Scientists warn rising temperatures in the Arctic are now ‘locked in’ and could lead to catastrophic climate change ‘tipping point’

  • A U.N. report says Arctic temperature rise is ‘locked’ even with Paris Agreement
  • Temperatures could rise between 3 to 5 degrees Celsius by 2050, study found
  • The change  could affect as many as 4 million people globally, researchers warn

Even emissions cuts outlined in the Paris Agreement won’t be enough to prevent an uptick in Arctic temperatures set to raise sea levels across the globe, says a report released by the United Nations this week. 

According to the report, even if the world were to meet these benchmarks, temperatures in the Arctic would continue to rise by another 3-5 degrees Celsius by 2050.

‘What happens in the Arctic does not stay in the Arctic,’ said Joyce Msuya, UN Environment’s Acting Executive Director. 

‘We have the science; now more urgent climate action is needed to steer away from tipping points that could be even worse for our planet than we first thought.’

According to the U.N. a drastic temperature shift further imperiling Arctic ice is 'locked in"

According to the U.N. a drastic temperature shift further imperiling Arctic ice is ‘locked in” 

The results of that temperature change could spell out drastic reductions in already rapidly waning sea ice and result in changing landscapes across the world. 

According to the report, an estimated 4 million people are set to be affected by the thaw worldwide.

‘The urgency to achieve the goals of the Paris Agreement is clearly manifested in the Arctic, because it is one of the most vulnerable and rapidly changing regions in the world,’ said the Finnish Minister of the Environment, Energy and Housing, Kimmo Tiilikainen in a statement. 

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‘We need to make substantial near-term cuts in greenhouse gas emissions, black carbon and other so-called short-lived climate pollutants all over the world.’

Even if global emissions were to stop overnight, the Earth would continue to warm due to gases trapped in the atmosphere and oceans

Even if global emissions were to stop overnight, the Earth would continue to warm due to gases trapped in the atmosphere and oceans

Since 1979, the world’s sea ice has declined by 40 percent and if emissions rates continue, researchers say the arctic could be completely ice free by some time in the 2030’s.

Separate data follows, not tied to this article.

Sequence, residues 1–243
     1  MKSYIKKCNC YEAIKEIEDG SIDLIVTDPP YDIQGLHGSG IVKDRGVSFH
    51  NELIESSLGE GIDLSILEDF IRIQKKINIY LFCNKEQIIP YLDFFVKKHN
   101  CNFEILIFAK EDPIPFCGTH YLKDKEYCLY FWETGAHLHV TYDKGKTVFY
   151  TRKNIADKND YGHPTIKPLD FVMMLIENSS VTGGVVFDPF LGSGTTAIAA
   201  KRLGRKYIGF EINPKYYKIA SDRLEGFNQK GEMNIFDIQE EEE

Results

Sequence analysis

Further compounding the danger of rapidly melting Arctic ice, is the a phenomenon known as ‘positive feedback.’ 

As the sea ice melts, according to scientists, carbon that is trapped in the permafrost is released into the atmosphere, further accelerating the warming process.

Scientists say there is an estimated 1.67 billion metric tons of carbon currently trapped in the Arctic’s frozen soil and ice. 

If that carbon were to be released, the report says it could imperil the Paris Accord’s benchmark of limiting global temperature rise to 2 degrees Celsius. 

WHAT IS THE PARIS AGREEMENT? 

The Paris Agreement, which was first signed in 2015, is an international agreement to control and limit climate change.

It hopes to hold the increase in the global average temperature to below 2°C (3.6ºF) ‘and to pursue efforts to limit the temperature increase to 1.5°C (2.7°F)’.

It seems the more ambitious goal of restricting global warming to 1.5°C (2.7°F) may be more important than ever, according to previous research which claims 25 per cent of the world could see a significant increase in drier conditions.

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In June 2017, President Trump announced his intention for the US, the second largest producer of greenhouse gases in the world, to withdraw from the agreement.  

The Paris Agreement on Climate Change has four main goals with regards to reducing emissions:

1)  A long-term goal of keeping the increase in global average temperature to well below 2°C above pre-industrial levels

2) To aim to limit the increase to 1.5°C, since this would significantly reduce risks and the impacts of climate change

3) Goverments agreed on the need for global emissions to peak as soon as possible, recognising that this will take longer for developing countries

4) To undertake rapid reductions thereafter in accordance with the best available science

Source: European Commission 

 



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